Millville car wash gets conditional-use approval
The Millville Town Council, at its Tuesday, July 9 meeting, approved a conditional-use application for a car wash next to the Dollar General store on Route 26.
The application, submitted by LandTech LLC on behalf of JIIS Management LLC, for a business to be named Beaches Car Wash, was approved 5-0 following a public hearing that was packed with residents, many of whom live in the neighboring Denton Mills subdivision and who expressed concerns about the impact of the business on their homes.
The applicant’s presentation during the hearing covered much the same information presented weeks earlier at a Planning & Zoning Commission hearing. Following that hearing, residents complained that — despite a statement from Dennis Schrader, attorney for the applicant, that nearby residents had been informed about the meeting — they had not been so informed.
Town attorney Seth Thompson and Town Manager Debbie Botchie said during the council meeting this week that the Town had followed all existing town regulations regarding public notification of the planning commission meeting and its agenda.
“No one in Denton Mills wants it,” said Denton Mills Homeowners Association President Mark Wright. He also said he “can’t imagine it will make money” since there are two other car washes nearby.
Wright supported the addition of a condition that the business construct a fence along its border with Denton Mills, in addition to a 40-foot buffer of trees that already exists.
Mark Olajos, also a Warren Road resident, asked the council for more “data gathering” regarding the car wash’s potential impact on the community.
“You have no concrete numbers for it to say that, yes, it’s going to work,” Olajos said.
Another Millville resident, Don Ludwig, said he supports the new car wash.
“It’s a great community venture for our town,” he said.
The business’ owner, Imoh Matthews of Frankford, did not speak at the hearing and declined to comment after his application was approved. But the former manager for Chimes, an organization that employees disabled workers in many airports and public spaces across the country, plans a work force for the car wash that will be largely made up of disabled people, including veterans.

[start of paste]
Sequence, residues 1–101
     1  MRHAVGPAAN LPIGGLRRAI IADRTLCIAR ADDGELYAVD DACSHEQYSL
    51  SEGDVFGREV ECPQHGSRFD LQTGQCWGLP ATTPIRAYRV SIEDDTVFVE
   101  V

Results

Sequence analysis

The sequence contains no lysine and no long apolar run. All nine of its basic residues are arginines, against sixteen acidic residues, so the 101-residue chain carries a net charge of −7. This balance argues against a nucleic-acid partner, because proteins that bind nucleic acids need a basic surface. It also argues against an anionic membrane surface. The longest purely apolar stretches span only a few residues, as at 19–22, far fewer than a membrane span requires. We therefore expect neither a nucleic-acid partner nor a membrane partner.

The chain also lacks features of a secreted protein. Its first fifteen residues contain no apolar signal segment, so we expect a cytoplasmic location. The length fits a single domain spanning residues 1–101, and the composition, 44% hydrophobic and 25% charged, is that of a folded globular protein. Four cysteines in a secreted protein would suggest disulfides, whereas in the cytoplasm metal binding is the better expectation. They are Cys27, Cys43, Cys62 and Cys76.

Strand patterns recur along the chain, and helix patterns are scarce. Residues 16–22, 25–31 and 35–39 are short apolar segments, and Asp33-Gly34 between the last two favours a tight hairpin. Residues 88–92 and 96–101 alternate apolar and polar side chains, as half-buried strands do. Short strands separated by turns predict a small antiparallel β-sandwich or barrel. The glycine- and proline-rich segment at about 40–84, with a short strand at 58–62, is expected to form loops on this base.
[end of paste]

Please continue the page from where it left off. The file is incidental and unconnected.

The former president of Chimes, Martin Lampner, did speak on behalf of Matthews’ application, reiterating what he said at the Planning & Zoning hearing in June.
He said the business, which will have about 14 employees, addresses a need in the community for jobs for disabled people.
“They are your neighbor’s children,” Lampner said. “They are your children.”
Spokespeople for the project had said in the past that employees would not drive to work but would likely come on DART buses because of their disabilities, so the facility would not require many employee parking spots.
In their comments before voting on the car wash application, some council members expressed mixed feelings about it. Council Member Ronald Belinko said he is in favor of the owner’s plans to hire disabled workers, and views the use of the property as “the lesser of two evils” and less intrusive than potential uses already allowed in the commercial district, such as fast-food restaurants or grocery stores.
Council Member Sharon Brienza agreed.
Deputy Mayor Steve Maneri said “the building looks beautiful” and that he feels confident the site will be kept clean. “We will make sure of that.”
Maneri also said the “pervious surface” on the lot needs to be monitored to make sure it allows for proper drainage of the site.
Mayor Robert Gordon shared the concerns of residents who worry about the impact of increased traffic from the car wash, which will share the existing entrance of the Dollar General store. Both the Dollar General and now the car wash will contribute to the cost of a future traffic light, although there are no current plans to construct one there.
Theaters will still require conditional-use approval
In other business on July 9, the council voted 5-0 to leave “performing arts theater” as a conditional use in the town’s commercial district. Richard Bloch, owner of the 10-year-old Dickens Parlour Theatre on Route 26, had previously asked the council to consider making theaters a permitted use by right under Millville’s zoning code.
The council also heard a report from Millville Volunteer Fire Company’s EMS chief, John Watson, on the company’s ambulance service. Watson told the council that the ambulance service had responded to 1,405 calls so far this year, up 105 from last year.
He said the fire company is in the process of evaluating how the new Beebe Medical Center South Coastal Campus will impact the ambulance service when its emergency department is completed.
Watson also told the council that the company collects about half of its $1.3 million annual budget through subscriptions, which cost $35 per household. Brienza, who moved to Millville from New Jersey, said she would gladly donate more to the fire company, as she had in New Jersey.
Council Member Ronald Belinko, agreed, saying, “$35 is a bargain.”
The council on Tuesday also unanimously approved a final site plan for an office, sales center and model home for the Kercher Group, on behalf of Bay to Beach Builders.
By Kerin Magill